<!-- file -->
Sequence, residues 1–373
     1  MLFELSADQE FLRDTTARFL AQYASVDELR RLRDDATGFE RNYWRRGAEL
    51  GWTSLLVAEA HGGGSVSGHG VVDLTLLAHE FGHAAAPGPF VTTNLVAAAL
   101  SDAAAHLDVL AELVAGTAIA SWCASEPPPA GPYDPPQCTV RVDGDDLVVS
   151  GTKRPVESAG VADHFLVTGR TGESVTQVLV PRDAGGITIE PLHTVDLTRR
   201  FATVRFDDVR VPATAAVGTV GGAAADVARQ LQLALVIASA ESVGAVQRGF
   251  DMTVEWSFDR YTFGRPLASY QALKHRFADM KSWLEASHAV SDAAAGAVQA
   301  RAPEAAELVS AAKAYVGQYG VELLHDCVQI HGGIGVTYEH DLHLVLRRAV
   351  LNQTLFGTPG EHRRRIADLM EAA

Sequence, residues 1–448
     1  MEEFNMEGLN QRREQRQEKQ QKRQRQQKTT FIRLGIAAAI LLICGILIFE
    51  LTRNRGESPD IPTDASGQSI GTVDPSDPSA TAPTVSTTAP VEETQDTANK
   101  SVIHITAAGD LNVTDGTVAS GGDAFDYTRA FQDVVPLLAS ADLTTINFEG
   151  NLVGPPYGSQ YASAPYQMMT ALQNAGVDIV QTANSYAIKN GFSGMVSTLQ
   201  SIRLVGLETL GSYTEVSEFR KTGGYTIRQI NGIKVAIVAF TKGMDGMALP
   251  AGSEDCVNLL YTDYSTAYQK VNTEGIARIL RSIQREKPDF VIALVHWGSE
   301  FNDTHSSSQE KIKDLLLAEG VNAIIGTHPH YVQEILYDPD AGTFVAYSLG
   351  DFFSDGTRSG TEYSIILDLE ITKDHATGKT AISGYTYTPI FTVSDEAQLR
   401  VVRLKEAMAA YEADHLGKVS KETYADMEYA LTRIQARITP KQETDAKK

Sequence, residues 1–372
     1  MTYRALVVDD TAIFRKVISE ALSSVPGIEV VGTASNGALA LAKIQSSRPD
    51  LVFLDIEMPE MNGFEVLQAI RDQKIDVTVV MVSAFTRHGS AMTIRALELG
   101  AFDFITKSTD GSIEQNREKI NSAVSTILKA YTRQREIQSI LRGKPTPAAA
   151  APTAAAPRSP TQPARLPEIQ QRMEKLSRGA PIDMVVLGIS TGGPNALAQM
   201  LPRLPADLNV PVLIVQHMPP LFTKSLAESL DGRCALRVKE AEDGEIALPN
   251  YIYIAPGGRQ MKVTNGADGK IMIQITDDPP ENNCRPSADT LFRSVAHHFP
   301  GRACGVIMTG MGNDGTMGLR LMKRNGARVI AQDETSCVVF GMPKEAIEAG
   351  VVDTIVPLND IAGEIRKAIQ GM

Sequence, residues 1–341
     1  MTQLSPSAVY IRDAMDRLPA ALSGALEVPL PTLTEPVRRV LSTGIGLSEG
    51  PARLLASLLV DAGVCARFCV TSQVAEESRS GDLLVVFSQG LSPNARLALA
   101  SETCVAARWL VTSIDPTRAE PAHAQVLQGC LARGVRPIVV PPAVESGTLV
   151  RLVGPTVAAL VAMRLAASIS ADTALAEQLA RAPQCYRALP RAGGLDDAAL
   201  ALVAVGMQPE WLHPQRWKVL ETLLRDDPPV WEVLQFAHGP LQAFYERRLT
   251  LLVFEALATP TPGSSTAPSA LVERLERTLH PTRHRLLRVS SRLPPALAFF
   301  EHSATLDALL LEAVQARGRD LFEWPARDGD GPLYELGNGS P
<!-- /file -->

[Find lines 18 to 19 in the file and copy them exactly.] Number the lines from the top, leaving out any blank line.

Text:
   351  DFFSDGTRSG TEYSIILDLE ITKDHATGKT AISGYTYTPI FTVSDEAQLR
   401  VVRLKEAMAA YEADHLGKVS KETYADMEYA LTRIQARITP KQETDAKK